Summary: Congressional appropriations for 2019 include 282 earmarks, up from 232 last year. The cost comes to $15.3 billion, up from $14.7 billion.

That sounds like a lot of money, and it is. But not nearly as much as one might think, in the scheme of things.

The federal government plans to spend more than $4.5 trillion in 2019. Those earmarks constitute a whopping one third of one percent of that total.

Critics of earmarks point out, correctly, that they’re used by members of Congress to direct federal spending to their own districts, not always with much “public good” justification (cue complaints about $500,000 for the Sparta Teapot Museum, $7.5 million for golf education, etc.)

True, all of it — but it’s baked into any political process. Whether formal earmarks exist or not, politicians will support bills that spend money in their districts, oppose bills that don’t, shill for their favored projects, and make deals to bring home the bacon.

And, it should be mentioned, earmarks do not directly increase total spending. They simply require that if Congress appropriates $10 billion for Purpose X, $1 million of that $10 billion be spent on Project Y.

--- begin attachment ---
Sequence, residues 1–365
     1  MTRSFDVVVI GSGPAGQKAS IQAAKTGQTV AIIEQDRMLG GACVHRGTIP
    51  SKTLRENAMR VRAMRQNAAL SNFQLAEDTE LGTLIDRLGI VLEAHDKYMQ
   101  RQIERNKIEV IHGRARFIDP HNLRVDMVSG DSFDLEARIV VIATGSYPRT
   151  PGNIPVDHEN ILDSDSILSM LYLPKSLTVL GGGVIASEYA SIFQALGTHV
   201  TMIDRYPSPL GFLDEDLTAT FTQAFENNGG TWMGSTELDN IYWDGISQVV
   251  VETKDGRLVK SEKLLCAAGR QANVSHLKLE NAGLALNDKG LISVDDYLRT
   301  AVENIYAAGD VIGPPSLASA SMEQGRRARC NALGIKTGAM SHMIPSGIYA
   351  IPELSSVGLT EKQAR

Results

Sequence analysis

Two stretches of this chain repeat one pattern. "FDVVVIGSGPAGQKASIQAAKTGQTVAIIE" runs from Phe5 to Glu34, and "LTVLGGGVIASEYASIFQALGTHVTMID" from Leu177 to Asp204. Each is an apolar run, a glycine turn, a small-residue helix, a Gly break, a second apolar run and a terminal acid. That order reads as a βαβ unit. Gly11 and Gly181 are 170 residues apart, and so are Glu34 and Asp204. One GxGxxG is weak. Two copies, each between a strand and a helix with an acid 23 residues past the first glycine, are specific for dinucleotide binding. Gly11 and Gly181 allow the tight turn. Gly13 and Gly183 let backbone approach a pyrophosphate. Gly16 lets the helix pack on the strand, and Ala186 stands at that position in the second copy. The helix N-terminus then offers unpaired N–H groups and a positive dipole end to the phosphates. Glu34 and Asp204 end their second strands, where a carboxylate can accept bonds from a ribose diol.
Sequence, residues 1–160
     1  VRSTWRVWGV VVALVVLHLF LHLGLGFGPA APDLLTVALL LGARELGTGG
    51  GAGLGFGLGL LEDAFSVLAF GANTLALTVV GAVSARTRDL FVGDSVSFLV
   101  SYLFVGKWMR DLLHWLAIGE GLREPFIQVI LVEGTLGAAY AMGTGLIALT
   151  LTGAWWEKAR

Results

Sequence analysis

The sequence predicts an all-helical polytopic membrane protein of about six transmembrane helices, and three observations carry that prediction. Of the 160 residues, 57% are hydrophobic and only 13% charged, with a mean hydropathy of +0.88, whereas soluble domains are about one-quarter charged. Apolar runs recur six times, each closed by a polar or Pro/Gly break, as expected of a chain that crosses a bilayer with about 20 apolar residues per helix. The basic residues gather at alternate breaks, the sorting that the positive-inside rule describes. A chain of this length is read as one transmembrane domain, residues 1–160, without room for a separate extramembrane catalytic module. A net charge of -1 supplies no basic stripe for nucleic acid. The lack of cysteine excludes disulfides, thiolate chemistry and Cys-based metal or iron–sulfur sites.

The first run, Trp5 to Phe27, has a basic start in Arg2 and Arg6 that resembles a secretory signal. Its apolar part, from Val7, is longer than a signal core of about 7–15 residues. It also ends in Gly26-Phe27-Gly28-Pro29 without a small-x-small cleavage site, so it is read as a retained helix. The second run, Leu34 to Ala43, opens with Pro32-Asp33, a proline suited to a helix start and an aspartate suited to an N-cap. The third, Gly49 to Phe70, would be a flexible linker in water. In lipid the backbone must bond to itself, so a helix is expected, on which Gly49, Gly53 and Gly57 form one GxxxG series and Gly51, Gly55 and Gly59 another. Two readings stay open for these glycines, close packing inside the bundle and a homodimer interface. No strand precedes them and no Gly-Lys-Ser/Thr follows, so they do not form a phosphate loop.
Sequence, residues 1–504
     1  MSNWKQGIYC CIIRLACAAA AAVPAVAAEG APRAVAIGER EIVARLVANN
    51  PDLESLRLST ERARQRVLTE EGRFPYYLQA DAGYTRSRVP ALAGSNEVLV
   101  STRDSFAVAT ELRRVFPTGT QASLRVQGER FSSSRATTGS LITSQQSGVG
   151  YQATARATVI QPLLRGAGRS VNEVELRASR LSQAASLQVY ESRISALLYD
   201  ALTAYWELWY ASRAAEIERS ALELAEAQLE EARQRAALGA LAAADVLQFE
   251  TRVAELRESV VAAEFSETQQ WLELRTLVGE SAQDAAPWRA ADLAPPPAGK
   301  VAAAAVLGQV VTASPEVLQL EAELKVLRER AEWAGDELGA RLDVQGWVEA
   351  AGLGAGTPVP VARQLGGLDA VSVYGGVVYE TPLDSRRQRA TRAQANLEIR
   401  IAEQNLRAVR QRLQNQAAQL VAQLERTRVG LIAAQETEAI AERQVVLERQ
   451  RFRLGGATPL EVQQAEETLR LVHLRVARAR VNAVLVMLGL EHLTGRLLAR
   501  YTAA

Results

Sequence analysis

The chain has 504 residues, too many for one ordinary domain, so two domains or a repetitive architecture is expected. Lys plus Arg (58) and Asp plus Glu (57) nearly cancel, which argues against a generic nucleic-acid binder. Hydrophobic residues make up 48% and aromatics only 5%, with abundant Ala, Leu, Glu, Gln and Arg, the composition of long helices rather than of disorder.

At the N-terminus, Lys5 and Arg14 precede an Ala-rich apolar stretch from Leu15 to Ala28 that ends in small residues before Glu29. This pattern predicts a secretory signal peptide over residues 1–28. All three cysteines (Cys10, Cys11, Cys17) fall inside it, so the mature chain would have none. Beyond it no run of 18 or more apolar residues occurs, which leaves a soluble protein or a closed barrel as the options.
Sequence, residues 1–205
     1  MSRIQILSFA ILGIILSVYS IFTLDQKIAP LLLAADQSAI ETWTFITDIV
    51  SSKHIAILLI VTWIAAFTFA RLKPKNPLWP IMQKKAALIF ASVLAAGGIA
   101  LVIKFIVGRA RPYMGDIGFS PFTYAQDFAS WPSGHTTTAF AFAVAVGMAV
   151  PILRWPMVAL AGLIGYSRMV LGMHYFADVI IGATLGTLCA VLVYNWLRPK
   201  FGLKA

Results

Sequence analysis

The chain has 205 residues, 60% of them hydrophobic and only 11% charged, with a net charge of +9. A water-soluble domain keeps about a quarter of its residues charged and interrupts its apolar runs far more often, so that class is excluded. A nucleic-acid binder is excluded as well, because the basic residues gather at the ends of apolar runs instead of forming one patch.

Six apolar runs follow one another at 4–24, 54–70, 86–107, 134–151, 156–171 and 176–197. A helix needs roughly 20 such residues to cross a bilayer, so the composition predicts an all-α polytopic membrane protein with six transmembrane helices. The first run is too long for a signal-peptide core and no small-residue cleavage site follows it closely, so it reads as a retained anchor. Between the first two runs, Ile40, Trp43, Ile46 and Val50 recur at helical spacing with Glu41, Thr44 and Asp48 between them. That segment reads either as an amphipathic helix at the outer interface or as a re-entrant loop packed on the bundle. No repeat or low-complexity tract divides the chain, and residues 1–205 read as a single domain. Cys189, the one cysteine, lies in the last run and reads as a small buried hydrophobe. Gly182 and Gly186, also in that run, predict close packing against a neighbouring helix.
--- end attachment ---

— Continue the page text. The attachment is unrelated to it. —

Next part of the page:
The problem in that hypothetical isn’t the $1 million earmark, it’s the $10 billion appropriation.

The problem with the real numbers isn’t $15 billion in earmarks, it’s $4.5 trillion in federal spending.

If Congress has $9 million to spend on a fruit fly quarantine program and $3 million to blow on bad loans to ship buyers (among 2019 earmarks), Congress has too much money to spend on, respectively, Agriculture and THUD (Transportation, Housing, and Urban Development).

Congress DOES have too much money — money it takes from all of us via various tax schemes, and money it borrows in our names on the promise to bond-holders that it will beat us out of it, with interest, later.